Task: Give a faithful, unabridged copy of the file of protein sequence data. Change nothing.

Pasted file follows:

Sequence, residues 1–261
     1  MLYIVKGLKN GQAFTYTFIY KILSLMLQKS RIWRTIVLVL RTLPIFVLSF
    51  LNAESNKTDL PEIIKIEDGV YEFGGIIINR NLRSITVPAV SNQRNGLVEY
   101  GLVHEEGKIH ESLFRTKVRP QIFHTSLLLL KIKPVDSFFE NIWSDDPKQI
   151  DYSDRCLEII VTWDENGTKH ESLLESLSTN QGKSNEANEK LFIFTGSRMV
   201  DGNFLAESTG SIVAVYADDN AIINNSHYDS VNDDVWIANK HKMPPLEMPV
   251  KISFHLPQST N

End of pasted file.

Sequence, residues 1–261
     1  MLYIVKGLKN GQAFTYTFIY KILSLMLQKS RIWRTIVLVL RTLPIFVLSF
    51  LNAESNKTDL PEIIKIEDGV YEFGGIIINR NLRSITVPAV SNQRNGLVEY
   101  GLVHEEGKIH ESLFRTKVRP QIFHTSLLLL KIKPVDSFFE NIWSDDPKQI
   151  DYSDRCLEII VTWDENGTKH ESLLESLSTN QGKSNEANEK LFIFTGSRMV
   201  DGNFLAESTG SIVAVYADDN AIINNSHYDS VNDDVWIANK HKMPPLEMPV
   251  KISFHLPQST N